Spatial re-ordering has turned Sakkimangalam Ambedkar Colony into a case study of poverty
A detour on the Sivaganga Road near Karuppayoorani leads to Sakkimangalam. A rusting metal sign board reads ‘Relocation Site’ of the Tamil Nadu Slum Clearance Board. It also carries Dravidian icon C.N. Anna Durai’s famous quote, “In the Smile of the Poor I See God.”
Sakkimangalam assumes significance for the shifting of a huge population of Dalits from the Vaigai river bed. Named after the architect of the Indian Constitution, Dr.B.R. Ambedkar, the colony was meant to be an abode for the community of rag pickers and conservancy workers. But it has become a case study of concentrated poverty.
The Dalits who are part of the unorganised urban economy, are now forced to travel long distance to earn a livelihood or even avail of medical facilities, which were earlier available to them more easily when they lived in squatter settlements within the city. Says D.Malin, founder, Puthiya Kalam (New Ground), Madurai, “The Government Rajaji Hospital’s services have become inaccessible because of the distance given the State’s policy to relocate them. Their resettlement not only has curbed spatial mobility but also restricted the access to health services.”
Women and men wake up at 3.a.m daily and lumber off from Ambedkar Colony to Goripalayam from where they spread out to clean the city, sweeping and picking rags. They unclog sewers by plunging their arms up to their elbows in human waste without protective gears, says Pappammal (65).
Most of the Dalit women engage in rummaging through waste from 3 a.m. to 10 a.m., sorting and separating bottles, cans, glass and plastic items. They look through trash that includes medical waste from used or discarded needles and blood bags. Day after day.
The creation of Dr.Ambedkar Colony is a by product of inequality and marginalisation based on caste and class. These trends are reinforced when communities and sections of the population are segregated into colonies. The inhabitants there are also stigmatised.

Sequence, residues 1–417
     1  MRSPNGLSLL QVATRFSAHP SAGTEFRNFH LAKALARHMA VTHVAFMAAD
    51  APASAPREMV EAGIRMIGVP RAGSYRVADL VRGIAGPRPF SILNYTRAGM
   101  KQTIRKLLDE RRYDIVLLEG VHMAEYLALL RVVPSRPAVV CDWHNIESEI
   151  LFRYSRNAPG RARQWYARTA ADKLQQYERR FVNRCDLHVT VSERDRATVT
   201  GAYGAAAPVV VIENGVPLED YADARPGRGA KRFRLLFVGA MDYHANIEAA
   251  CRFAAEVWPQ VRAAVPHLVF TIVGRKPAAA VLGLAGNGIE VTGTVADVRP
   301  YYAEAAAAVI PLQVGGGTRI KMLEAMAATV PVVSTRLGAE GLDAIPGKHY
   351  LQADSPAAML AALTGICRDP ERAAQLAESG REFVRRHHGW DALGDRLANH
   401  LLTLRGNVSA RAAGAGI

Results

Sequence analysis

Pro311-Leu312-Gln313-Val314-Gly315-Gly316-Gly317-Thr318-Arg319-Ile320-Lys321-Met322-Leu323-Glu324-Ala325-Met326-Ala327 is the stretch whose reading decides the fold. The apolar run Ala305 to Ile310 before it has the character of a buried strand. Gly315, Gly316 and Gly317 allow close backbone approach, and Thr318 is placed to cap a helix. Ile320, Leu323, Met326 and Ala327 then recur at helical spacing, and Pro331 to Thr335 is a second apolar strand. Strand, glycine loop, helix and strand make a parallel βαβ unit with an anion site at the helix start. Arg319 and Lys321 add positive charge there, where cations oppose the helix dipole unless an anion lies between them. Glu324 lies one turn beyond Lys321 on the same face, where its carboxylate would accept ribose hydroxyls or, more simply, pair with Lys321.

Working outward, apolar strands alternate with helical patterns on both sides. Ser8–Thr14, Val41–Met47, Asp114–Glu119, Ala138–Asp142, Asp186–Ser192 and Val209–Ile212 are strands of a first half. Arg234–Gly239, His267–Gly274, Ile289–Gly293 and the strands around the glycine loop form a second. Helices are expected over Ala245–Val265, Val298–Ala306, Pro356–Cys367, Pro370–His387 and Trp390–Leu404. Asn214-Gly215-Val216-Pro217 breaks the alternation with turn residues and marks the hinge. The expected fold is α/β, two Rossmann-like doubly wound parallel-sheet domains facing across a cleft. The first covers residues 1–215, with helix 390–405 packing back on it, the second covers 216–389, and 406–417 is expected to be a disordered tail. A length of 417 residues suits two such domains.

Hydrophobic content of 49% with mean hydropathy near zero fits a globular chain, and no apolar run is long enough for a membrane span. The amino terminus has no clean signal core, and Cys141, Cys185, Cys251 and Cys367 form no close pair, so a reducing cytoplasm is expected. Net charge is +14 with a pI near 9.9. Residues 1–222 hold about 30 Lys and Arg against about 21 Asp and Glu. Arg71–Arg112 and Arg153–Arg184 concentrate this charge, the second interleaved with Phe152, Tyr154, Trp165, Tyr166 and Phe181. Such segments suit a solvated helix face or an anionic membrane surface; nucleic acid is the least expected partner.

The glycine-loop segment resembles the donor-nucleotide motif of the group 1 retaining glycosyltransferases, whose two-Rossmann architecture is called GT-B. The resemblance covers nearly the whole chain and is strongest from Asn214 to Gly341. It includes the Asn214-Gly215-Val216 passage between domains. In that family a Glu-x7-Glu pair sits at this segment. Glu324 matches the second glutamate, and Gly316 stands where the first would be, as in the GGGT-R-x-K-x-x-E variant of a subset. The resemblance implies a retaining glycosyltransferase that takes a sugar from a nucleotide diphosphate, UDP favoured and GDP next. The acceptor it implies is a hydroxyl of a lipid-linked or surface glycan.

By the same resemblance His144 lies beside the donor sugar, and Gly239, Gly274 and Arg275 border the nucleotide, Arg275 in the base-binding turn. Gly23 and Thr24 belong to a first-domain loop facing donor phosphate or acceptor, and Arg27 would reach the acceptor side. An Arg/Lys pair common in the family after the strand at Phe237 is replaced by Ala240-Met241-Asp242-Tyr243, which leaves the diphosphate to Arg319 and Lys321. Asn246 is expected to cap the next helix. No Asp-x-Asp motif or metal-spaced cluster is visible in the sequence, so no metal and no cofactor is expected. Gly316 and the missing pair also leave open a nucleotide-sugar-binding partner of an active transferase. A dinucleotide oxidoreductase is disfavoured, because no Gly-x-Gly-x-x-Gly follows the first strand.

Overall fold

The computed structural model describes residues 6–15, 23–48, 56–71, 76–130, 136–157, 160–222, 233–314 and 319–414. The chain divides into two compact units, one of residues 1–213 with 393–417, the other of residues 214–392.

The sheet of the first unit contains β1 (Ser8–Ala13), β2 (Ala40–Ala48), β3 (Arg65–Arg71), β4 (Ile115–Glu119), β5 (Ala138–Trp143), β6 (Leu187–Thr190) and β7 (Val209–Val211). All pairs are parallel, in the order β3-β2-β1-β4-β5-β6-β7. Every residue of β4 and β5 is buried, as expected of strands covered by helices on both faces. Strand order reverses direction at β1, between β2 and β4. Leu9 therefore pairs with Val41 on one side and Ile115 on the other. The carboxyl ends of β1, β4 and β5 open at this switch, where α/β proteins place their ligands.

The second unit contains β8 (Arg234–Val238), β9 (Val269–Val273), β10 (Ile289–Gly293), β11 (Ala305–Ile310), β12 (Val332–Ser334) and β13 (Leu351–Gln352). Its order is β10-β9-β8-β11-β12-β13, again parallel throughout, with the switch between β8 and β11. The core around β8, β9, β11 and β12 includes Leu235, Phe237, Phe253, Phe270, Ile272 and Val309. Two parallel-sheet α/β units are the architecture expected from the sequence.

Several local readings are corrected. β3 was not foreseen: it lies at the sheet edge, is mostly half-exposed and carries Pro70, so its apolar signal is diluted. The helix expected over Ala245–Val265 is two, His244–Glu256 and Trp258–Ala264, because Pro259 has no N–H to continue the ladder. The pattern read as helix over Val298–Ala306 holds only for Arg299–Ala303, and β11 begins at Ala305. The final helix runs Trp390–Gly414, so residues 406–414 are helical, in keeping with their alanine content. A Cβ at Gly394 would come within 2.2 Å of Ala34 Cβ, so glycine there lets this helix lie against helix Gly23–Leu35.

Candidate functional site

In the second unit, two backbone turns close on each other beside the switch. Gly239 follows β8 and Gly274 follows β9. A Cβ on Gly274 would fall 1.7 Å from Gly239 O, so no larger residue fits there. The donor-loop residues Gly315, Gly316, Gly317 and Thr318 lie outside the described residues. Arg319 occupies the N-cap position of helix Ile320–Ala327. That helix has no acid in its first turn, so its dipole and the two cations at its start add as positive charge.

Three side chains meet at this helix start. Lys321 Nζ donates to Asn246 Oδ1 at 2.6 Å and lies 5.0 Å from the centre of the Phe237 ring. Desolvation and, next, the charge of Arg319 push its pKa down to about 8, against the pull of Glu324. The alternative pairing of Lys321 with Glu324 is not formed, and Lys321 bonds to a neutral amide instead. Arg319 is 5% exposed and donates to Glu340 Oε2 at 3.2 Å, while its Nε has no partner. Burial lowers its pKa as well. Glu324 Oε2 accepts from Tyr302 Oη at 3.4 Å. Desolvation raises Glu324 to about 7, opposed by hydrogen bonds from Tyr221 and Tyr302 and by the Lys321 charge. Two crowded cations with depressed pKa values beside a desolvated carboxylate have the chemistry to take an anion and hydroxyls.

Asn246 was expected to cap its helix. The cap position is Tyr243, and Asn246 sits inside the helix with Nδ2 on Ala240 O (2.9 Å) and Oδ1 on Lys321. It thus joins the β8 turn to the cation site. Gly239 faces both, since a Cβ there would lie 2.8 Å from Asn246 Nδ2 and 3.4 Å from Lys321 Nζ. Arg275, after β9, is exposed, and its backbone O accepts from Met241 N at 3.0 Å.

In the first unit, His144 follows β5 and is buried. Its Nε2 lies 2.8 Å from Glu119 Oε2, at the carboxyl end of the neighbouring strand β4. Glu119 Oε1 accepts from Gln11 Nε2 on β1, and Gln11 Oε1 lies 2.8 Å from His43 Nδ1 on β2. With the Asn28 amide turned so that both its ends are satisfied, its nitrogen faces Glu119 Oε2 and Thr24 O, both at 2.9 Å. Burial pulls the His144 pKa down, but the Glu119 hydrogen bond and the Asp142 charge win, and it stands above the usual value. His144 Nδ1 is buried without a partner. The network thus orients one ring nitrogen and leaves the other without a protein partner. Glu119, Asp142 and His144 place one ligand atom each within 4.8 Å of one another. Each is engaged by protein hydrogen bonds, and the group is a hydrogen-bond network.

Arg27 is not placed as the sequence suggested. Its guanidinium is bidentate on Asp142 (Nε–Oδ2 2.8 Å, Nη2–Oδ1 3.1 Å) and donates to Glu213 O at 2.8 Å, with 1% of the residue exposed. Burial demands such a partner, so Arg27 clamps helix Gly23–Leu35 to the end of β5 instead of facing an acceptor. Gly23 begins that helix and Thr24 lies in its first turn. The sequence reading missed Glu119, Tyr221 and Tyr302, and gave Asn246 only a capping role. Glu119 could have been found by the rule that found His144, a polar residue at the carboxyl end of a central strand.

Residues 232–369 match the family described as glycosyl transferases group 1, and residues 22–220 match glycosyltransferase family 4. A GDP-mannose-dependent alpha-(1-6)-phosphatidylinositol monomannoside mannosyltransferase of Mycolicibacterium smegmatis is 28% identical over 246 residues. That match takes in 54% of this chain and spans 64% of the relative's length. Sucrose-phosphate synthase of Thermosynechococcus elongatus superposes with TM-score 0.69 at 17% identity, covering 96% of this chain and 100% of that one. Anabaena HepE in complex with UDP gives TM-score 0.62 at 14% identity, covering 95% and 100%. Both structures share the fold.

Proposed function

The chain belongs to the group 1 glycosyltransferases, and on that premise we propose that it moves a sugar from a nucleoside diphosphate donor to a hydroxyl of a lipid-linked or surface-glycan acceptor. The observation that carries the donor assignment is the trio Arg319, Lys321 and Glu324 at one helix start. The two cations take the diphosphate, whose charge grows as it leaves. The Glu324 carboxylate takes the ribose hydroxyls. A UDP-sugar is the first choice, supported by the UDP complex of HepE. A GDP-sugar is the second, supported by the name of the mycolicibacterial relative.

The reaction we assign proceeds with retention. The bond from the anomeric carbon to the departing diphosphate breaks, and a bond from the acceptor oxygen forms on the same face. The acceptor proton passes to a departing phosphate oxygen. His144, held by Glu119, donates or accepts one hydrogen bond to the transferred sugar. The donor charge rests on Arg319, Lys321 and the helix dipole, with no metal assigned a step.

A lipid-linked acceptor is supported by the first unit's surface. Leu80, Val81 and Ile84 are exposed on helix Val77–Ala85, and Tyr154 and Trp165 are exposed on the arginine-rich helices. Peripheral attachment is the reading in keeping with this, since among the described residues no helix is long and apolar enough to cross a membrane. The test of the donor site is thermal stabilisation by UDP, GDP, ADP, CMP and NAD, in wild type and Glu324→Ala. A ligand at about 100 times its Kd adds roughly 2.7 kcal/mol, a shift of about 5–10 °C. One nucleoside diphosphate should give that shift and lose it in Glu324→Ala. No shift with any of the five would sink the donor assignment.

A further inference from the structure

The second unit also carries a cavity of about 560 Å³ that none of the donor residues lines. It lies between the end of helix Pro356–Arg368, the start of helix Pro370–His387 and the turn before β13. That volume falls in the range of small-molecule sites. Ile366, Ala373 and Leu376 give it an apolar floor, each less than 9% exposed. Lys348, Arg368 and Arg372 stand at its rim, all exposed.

The relocation of these Dalits happened in 1993, following a flood. To ensure a safe passage for these “illegal occupants” living on the fringes of the Vaigai riverbed, the State relocated them to Sakkimangalam.
However, a prominent Dalit party in Madurai, Viduthalai Chiruthaigal Katchi (VCK) (Dalit Panthers) says the resident neighbourhoods forced this action. It was perceived that the Dalit settlements had become breeding grounds for crime and other anti-social activities and, therefore, as part of a cleansing process they were shifted to the outskirts of the city.
VCK member Chithiraivel believes such an action was initiated to divide the Dalit vote bank, which, however, remained intact. It was also to get rid of the “visual pollution” in the heart of the city. But this relocation did not wipe out the stigma attached to the residents. Three caste clashes have occurred between Other Backward Castes and Dalits since the relocation.
The social stigma impacts on their employability. It hampers the search for jobs as inhabitants of the area encounter additional distrust and reticence among employers as soon as they mention their place of residence. A few Dalit women from the colony work as domestic help, but must conceal their identity or address to get hired.
Arul Raj (31) laments that basic amenities are still a dream for the colony people. The colony houses more than 500 families without any bathroom facilities, which is particularly stressful for women. Factional feuds break out among the Dalit youth which stands in the way of becoming organised around a common platform. The relocation of the population has actually ended up excluding them from the urban economy. The living conditions have worsened over the years. The State has failed to provide safety, health, education, housing and justice, Arul Raj says.